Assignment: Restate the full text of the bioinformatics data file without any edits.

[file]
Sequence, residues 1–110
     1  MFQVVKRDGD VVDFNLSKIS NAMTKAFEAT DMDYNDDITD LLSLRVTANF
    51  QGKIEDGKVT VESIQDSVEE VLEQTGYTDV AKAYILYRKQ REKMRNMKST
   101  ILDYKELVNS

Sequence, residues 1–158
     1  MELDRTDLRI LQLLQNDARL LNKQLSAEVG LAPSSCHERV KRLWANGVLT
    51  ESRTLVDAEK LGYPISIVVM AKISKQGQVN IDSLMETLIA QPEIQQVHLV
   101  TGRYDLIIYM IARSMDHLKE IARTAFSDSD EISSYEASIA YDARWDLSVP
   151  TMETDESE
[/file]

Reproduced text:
Sequence, residues 1–110
     1  MFQVVKRDGD VVDFNLSKIS NAMTKAFEAT DMDYNDDITD LLSLRVTANF
    51  QGKIEDGKVT VESIQDSVEE VLEQTGYTDV AKAYILYRKQ REKMRNMKST
   101  ILDYKELVNS

Sequence, residues 1–158
     1  MELDRTDLRI LQLLQNDARL LNKQLSAEVG LAPSSCHERV KRLWANGVLT
    51  ESRTLVDAEK LGYPISIVVM AKISKQGQVN IDSLMETLIA QPEIQQVHLV
   101  TGRYDLIIYM IARSMDHLKE IARTAFSDSD EISSYEASIA YDARWDLSVP
   151  TMETDESE